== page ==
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Historic University of Padua modernises facilities

This historic centre of learning has upgraded three of its foremost spaces, with an emphasis placed on usability for the in-house team, reports Mike Clark

Picture: MosaicoGroup

In 1678 Elena Cornaro became the world’s first woman to be awarded a university degree, after being allowed to study Philosophy at the University of Padua. The university has also produced great literary figures, engineers, mathematicians and doctors, such as Vincenzo Gallucci, who carried out the first heart transplant in Italy. Professors, scientists, jurists and literati made it a centre of culture throughout Europe, with alumni including Marcantonio dalla Torre, William Harvey, discoverer of  blood circulation, and Alexander Stewart (illegitimate son of King James IV of Scotland), who studied under Erasmus in Padua and later became Lord Chancellor of Scotland. The university recently carried out a high-profile upgrade to three extremely important rooms: the Main Hall, the Ippolito Neivo Hall and the Ancient Archive.

Consultants for the project were De.re.com and installation/system integration was by MosaicoGroup.

Tender spec
De.re.com account manager Stefano DeTroia explains: “Due to the nature of the rooms, the university asked me to draw up the project, prepare tender specifications and ensure everything was installed and configured in compliance with the project. The brief was to upgrade the existing equipment and ensure that appropriately trained in-house operators were able to handle at least 80% of the events held, previously contracted out to external services, at a considerable cost.”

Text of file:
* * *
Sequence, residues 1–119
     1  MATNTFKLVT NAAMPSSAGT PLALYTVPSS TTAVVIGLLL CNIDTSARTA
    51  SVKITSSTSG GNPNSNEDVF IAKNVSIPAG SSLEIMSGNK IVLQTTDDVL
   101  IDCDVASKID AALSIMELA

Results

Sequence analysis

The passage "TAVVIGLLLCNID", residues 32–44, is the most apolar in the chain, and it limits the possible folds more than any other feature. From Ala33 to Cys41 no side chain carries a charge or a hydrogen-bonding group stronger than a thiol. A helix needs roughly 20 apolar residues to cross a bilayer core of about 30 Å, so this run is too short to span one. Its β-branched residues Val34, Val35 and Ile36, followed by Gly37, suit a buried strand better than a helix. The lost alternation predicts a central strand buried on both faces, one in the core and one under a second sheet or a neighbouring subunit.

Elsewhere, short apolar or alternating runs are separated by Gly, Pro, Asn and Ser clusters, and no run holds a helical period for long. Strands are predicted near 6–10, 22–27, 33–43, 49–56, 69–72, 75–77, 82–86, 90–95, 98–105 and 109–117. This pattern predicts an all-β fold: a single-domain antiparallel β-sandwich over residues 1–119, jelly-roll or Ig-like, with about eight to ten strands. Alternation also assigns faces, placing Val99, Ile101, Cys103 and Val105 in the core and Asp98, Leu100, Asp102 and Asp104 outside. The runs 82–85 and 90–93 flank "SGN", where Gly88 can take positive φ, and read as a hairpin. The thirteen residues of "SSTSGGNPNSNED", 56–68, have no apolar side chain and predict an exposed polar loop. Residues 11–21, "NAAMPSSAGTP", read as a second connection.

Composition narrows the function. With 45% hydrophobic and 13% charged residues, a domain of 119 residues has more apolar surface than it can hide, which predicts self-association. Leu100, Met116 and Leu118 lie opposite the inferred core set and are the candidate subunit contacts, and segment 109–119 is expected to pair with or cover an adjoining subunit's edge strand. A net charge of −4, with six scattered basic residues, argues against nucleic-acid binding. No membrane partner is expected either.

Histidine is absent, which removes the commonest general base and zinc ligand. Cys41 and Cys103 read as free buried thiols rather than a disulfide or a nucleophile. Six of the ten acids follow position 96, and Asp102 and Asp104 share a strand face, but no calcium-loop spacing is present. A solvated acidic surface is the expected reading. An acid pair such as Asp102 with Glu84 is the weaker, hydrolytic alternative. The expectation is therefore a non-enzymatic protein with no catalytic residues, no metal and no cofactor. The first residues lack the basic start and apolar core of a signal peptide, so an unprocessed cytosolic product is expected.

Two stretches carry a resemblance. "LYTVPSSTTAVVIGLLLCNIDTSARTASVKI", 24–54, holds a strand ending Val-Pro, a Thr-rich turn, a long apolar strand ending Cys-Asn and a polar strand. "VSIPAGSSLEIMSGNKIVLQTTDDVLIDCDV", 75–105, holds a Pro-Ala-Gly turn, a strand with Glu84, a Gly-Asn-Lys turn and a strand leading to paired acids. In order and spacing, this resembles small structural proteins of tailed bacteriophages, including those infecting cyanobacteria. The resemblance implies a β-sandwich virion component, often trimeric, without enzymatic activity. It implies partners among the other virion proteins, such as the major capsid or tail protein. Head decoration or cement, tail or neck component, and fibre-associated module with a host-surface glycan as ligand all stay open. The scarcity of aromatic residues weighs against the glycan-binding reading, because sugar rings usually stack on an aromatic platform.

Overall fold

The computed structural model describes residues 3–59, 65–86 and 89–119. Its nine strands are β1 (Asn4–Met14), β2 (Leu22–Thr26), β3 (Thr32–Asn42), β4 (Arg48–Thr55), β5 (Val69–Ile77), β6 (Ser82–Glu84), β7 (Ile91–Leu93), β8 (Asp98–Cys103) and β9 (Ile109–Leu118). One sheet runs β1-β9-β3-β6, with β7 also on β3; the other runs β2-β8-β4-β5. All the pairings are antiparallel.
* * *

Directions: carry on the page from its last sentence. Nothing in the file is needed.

Since the rooms are used for ceremonial events, the hardware had to meet stringent quality requisites, ensure flexibility and any future expansion or upgrade. Backward compatibility with VGA signals was also kept. The video control system is full HD but already compatible with low-latency 4K60 signals; to reduce interconnection systems between audio and video, AV encoders were chosen with AES67 audio protocol to ensure native interaction with Dante, used for all the audio signal flows. Video coverage was entrusted to top-end Sony dome cameras.

DeTroia had already worked on projects using almost all the products, but decided to include the AMX 2400 series for the first time, as they ensured the required quality, latency and compatibility (audio on AES67). This was the first project in Italy on which the series was used.

“A key challenge on this project was to achieve top grade results without carrying out any structural work on the building, as the rooms are under the protection of the department of fine arts,” adds DeTroia. “It was forbidden to carry out any work on walls or decorations, and new units installed had to have free-standing supports. The RCF column speakers have a custom colour finish to minimise visual impact and the Main Hall’s control desk and equipment rack a wood finish matching the antique furnishings.

“The aspects that distinguish this project from others I’ve worked on in the past are definitely having replaced outdated hardware, completely changing the systems’ philosophy, switching from a cabled analogue set-up to digital and over-IP without carrying out any work on the unique building.”

Project workflow